What I’m about to say won’t be popular with the Kyler stans, but the fact is the second-year quarterback is still developing as a passer from the pocket.

Murray makes some terrific throws, and his arm talent is superb, but he’s not the processor or manipulator that Deshaun Watson is for the Texans. 

Entering Week 12, Murray is 16th among 40 qualified quarterbacks in Pro Football Focus’s passing grade due to sometimes spotty short and intermediate accuracy and timing. 

Murray is also 32nd among 40 qualified passers in percentage of throws into tight windows, a testament to Kingsbury designing easy passes for him and inconsistencies with pushing the ball downfield.

If the Patriots force Murray to beat them from the pocket, he’s capable of making some great plays, but I’m willing to bet he can’t consistently hit tight-window throws as Watson did. 

As much as it irks Patriots fans, the seven and eight-man coverages that Watson picked apart with pinpoint accuracy will probably work against a less consistent thrower in Murray. 

Here’s one example against a similar scheme in Detroit with Matt Patricia. The Lions fall off into a cover-three zone, and Murray is reading out the trips side. Instead of throwing at the top of his drop, or moving the zone defense first, Murray stares down Larry Fitzgerald in the slot, and old friend Jamie Collins jumps it for an interception. 

The Seahawks are a base cover-three defense, and Murray made some great throws but missed open receivers due to a lack of anticipation.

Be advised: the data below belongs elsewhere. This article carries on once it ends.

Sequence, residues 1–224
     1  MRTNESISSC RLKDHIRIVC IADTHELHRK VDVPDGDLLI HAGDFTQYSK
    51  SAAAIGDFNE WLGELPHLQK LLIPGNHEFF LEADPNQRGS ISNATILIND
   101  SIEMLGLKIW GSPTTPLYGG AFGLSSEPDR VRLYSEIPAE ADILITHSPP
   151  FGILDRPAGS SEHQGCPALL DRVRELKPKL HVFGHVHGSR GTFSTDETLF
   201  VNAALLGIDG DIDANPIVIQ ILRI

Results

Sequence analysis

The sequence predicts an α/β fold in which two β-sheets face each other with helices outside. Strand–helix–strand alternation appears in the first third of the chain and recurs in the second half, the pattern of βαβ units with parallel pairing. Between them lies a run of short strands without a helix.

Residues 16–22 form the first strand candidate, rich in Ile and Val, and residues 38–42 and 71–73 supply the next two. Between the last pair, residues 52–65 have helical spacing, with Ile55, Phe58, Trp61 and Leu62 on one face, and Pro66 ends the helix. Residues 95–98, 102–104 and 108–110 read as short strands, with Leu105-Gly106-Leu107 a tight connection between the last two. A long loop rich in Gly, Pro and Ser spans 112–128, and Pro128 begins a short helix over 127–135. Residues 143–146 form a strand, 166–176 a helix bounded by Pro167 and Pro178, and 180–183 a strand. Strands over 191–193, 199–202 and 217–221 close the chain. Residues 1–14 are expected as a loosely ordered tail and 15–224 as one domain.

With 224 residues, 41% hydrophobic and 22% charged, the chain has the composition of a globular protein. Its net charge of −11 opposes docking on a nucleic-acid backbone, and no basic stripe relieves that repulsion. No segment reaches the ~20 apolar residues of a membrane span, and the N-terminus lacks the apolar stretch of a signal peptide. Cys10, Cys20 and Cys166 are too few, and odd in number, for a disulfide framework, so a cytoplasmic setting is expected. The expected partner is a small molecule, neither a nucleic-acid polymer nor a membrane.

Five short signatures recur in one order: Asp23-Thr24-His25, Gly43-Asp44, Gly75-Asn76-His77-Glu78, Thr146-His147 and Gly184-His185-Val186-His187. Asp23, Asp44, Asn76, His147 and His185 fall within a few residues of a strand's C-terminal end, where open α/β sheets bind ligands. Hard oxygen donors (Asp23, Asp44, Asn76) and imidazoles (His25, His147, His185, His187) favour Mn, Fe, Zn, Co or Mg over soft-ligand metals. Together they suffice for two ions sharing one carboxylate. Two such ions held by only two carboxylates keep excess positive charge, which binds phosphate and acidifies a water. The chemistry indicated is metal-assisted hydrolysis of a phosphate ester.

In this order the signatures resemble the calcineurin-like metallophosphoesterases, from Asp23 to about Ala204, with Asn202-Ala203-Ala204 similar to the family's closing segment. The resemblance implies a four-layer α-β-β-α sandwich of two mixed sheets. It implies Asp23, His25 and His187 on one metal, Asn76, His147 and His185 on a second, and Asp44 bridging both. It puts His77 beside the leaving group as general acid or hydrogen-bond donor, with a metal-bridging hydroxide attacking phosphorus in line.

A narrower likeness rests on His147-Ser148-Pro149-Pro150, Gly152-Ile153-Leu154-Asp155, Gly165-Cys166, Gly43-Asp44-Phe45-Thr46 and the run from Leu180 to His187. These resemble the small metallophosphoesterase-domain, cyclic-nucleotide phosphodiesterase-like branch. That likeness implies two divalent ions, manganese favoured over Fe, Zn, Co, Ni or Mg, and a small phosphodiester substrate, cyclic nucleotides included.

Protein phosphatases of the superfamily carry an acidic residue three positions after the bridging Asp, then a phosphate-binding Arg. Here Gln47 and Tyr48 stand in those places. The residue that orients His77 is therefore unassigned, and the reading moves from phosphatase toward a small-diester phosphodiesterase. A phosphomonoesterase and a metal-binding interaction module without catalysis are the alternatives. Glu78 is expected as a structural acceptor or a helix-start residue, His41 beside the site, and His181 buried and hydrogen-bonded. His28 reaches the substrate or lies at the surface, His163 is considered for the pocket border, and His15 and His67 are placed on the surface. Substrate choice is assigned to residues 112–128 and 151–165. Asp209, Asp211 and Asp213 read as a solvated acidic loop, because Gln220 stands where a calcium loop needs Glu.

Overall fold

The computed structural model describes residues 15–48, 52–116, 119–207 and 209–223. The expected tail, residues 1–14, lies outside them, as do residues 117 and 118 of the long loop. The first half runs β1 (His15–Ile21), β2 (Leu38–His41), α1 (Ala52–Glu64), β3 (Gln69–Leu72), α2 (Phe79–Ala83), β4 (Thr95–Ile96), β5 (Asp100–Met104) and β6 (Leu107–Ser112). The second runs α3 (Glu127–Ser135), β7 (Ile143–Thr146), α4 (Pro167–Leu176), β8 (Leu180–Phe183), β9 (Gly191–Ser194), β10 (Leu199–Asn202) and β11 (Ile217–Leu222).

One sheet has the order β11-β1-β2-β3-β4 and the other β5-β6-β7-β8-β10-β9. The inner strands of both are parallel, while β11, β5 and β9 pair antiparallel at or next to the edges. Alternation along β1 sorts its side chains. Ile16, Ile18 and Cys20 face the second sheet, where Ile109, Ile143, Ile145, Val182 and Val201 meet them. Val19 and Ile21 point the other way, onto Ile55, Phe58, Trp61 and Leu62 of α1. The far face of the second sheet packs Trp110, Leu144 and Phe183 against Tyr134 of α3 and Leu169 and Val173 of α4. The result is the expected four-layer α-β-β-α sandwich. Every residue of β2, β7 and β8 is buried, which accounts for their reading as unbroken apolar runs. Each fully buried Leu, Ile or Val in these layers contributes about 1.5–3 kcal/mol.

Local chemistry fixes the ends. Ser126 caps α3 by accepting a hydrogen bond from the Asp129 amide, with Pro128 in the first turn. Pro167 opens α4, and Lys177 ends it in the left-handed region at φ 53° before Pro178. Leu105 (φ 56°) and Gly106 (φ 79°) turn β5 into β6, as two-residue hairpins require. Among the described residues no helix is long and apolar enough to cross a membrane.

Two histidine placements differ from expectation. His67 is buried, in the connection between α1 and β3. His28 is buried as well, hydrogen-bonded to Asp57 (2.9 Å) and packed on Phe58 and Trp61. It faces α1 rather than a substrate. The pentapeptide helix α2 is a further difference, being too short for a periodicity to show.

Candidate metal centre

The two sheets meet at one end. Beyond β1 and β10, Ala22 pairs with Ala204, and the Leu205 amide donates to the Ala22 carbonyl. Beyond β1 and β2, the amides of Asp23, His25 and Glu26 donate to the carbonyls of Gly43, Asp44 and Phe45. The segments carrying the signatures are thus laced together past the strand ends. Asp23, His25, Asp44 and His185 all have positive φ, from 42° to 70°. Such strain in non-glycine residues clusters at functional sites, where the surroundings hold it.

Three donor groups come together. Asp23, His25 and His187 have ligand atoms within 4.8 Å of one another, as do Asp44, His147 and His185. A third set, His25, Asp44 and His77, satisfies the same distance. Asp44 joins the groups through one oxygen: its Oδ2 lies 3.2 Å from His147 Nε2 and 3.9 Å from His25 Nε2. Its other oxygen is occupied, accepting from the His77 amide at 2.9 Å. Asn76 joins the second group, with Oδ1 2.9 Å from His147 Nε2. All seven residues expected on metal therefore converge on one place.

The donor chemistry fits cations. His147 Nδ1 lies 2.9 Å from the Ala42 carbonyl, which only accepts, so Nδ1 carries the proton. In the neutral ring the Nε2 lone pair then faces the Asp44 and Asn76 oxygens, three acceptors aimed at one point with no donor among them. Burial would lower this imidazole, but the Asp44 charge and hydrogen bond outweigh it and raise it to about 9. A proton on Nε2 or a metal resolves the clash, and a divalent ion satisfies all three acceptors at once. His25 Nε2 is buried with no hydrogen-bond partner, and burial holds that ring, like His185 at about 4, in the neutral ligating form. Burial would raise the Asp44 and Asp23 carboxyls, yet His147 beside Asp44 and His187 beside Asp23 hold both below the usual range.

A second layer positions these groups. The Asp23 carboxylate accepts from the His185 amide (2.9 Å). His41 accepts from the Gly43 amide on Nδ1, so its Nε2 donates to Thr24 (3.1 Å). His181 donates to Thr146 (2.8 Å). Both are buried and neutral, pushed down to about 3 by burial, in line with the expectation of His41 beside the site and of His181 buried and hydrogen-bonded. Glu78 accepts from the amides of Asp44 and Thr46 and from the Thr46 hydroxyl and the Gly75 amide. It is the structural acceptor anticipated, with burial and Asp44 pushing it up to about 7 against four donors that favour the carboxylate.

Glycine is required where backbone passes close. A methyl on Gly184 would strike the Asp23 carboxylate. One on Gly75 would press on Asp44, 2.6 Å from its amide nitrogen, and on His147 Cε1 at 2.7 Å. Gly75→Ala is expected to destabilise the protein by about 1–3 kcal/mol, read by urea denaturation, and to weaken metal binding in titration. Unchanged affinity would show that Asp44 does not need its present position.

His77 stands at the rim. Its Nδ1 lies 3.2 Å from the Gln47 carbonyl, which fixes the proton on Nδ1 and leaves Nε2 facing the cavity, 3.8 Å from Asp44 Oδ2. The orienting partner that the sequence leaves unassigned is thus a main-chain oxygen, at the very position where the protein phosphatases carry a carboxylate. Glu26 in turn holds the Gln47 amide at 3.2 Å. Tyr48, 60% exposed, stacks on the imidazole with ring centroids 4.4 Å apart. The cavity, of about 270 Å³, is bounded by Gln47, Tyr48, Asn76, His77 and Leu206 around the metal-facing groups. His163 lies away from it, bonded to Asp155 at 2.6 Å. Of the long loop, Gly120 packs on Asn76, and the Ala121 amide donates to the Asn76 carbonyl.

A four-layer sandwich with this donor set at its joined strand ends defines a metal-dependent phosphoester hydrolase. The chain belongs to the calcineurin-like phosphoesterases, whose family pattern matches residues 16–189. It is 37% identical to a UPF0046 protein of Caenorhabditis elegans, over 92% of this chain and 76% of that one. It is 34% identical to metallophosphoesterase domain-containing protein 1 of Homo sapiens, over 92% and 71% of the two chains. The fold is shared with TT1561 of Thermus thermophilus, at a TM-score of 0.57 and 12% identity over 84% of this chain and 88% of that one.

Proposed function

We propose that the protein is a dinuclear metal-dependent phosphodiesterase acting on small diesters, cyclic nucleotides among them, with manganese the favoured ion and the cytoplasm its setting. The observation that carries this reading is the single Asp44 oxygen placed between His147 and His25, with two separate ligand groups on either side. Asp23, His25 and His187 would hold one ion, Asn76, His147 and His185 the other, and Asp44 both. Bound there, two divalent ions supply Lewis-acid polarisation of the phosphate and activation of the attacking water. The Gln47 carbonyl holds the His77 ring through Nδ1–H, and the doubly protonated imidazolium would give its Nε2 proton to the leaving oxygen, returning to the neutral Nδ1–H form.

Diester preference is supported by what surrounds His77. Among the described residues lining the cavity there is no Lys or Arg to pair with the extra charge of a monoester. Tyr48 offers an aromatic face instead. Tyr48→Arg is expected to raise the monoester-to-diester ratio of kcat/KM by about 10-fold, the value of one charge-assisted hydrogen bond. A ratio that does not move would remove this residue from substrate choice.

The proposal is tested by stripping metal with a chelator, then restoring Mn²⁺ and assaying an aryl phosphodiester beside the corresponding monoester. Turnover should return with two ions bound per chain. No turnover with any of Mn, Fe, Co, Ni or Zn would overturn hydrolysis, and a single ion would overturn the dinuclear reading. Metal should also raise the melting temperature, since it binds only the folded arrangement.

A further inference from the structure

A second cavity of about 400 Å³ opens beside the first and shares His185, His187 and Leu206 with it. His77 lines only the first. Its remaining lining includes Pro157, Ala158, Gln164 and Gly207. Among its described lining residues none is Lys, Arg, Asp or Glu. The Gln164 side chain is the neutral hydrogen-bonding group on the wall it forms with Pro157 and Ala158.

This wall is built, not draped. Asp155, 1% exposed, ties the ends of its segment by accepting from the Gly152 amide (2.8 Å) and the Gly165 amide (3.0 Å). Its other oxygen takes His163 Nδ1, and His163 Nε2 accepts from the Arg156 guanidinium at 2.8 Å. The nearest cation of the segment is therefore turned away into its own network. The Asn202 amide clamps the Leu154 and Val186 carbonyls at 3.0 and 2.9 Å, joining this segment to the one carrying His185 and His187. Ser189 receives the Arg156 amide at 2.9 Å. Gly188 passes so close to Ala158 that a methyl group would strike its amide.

By playing zone to keep eyes on Murray, Seattle was also able to use line stunts and other schemes to create pressure with four rushers.

In this play, the Cardinals run a vertical route from the inside receiver to Murray’s left, clearing out the coverage for a crosser by the backside receiver. Hopkins is open on the crosser, but Murray doesn’t pull the trigger, and the rush gets home. 

Along with missing open receivers, Murray also had some errant throws into closing or tight windows. 

This time, the Cardinals run a dagger concept to the trips side with two inside vertical routes clearing out the coverage for DeAndre Hopkins’s deep dig route. The Seahawks use a T/E stunt to get pressure in Murray’s face, and the throw is on time but behind Hopkins. 

Although the Patriots can force misses by Murray with tight coverage, getting pressure on him without blitz will be critical, something they couldn’t do against the Texans. 

Arizona’s offensive line has improved in pass protection to third in the league in pass-blocking efficiency this season, according to Pro Football Focus.

Murray has good numbers against the blitz, but his passing metrics plummet while he’s under pressure, meaning the most successful strategy is getting home without blitzing and slowing down his process with coverage disguises. 

For the Patriots, it’s a big if, but if they can pressure Murray with four and play tight coverage with seven, they can limit Arizona’s passing game. 

THE ZERO BLITZ STRATEGY

My original thought was that Belichick would choose coverage over pass rush to make Murray beat him with his arm, but then the head coach said something interesting on Wednesday.